On Sun, February 3, 2008 12:28 am, Glen Zorn wrote:
Dan Harkins <> scribbled on Saturday, February 02, 2008 8:46 AM:
Pardon my repetition but I have come up with a very valid reason
why naming keys using HMAC-SHA-256 is a bad idea.
If one wants to administratively remove all keys in a particular
key hierarchy (which seems like an entirely reasonable request)
It doesn't seem particularly reasonable to me. The one reason I can
think of for this is to disable access for a particular user in some
domain; to do that it doesn't seem necessary to explicitly remove all
the keys in the hierarchy, just the root key (after disconnecting the
user). Disconnecting the user should delete the PMK, TSKs, etc., right?
Yes, it should delete the other keys. And if I am the entity that
holds the "root key" and you are an ER server that holds some derivatives
like a DSUSRK and some derivatives of that like rMSKs for different
authenticators in that "domain" then what information should I give you to
identify the particular hierarchy I'm talking about? Remember you may
hold other key hierarchies for other users in other domains for other
usages and they all use the same name space.
An incomprehensible string of random bits doesn't seem particularly
helpful in accomplishing the task.
must do a linear search of all keys in all key hierarchies that a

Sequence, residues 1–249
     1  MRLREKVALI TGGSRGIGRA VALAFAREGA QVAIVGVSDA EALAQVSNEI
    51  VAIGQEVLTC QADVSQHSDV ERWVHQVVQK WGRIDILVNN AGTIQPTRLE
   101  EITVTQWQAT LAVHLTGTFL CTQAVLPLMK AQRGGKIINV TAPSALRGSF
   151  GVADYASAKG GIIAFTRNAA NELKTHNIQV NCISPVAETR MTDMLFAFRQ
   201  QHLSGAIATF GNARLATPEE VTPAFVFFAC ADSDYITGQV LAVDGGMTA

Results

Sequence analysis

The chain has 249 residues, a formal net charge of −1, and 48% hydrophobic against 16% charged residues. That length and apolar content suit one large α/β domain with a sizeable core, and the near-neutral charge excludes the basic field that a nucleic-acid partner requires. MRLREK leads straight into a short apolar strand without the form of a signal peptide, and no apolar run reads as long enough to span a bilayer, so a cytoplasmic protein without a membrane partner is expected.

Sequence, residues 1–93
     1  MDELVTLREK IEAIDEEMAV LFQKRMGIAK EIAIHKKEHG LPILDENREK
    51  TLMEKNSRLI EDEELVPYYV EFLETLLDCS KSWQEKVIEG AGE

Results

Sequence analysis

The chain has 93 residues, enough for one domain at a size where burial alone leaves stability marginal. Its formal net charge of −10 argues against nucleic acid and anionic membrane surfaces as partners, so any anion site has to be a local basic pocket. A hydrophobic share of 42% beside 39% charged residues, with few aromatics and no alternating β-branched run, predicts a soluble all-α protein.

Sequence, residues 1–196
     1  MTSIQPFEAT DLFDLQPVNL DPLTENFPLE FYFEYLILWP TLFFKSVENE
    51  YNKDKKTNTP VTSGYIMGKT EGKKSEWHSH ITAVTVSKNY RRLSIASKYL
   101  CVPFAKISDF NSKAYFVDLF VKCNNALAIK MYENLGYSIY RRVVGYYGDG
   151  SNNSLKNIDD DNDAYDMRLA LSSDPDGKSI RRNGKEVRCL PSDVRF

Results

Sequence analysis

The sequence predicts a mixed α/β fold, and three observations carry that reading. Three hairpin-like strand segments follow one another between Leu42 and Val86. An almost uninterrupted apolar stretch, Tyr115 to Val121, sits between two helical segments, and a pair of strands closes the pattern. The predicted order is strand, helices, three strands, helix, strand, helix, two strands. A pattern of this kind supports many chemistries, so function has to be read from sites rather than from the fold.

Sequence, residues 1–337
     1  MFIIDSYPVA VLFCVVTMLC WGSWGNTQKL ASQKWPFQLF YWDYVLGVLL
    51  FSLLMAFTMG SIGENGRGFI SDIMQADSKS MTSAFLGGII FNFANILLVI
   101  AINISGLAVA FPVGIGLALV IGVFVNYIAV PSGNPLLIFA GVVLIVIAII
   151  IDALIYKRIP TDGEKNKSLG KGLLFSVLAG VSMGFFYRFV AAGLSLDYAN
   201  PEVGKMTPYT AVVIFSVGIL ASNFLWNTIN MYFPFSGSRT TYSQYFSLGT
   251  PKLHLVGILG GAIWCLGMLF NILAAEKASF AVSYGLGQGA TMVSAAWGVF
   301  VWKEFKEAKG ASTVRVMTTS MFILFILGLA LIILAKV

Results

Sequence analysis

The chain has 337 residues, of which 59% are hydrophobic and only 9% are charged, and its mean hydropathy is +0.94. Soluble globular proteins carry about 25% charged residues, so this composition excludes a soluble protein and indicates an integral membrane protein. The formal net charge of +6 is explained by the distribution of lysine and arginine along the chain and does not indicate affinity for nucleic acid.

particular server maintains!
all identifying key information for all key hierarchies to the same
name space. It precludes using something like a hash table for fast
lookup of all related keys.
If keys were named by concatenating the EAP Session-ID with a
string that identified the particular key in the key hierarchy rooted
at the MK derived in that EAP Session-ID then the EAP Session-ID
could be used as an index into a hash table and all keys for that
particular key hierarchy could be looked up very efficiently.
I won't argue that indexing the keystore by Session-ID is a bad idea
(though Username might be better), but I can't see how that depends upon
the actual key name.
Glen, the issue is that not only is every key in the hierarchy mapped
to the same name space, every key for every user's hierarchy for every
domain for every usage is all mapped to the same name space!
Yea, mapping by Username might be better. Oone reason is that you
could develop a rational searching strategy to identify keys if you
indexed with something like "Username". That is a great suggestion and
a useful alternative to what is in the draft now. I would support such
Can you tell me one use for a key name that is an incomprehensible string
of random bits?
"Delete all keys associated with 0x58d610a8ff4128c9"
If not then don't you agree the current key naming scheme is completely
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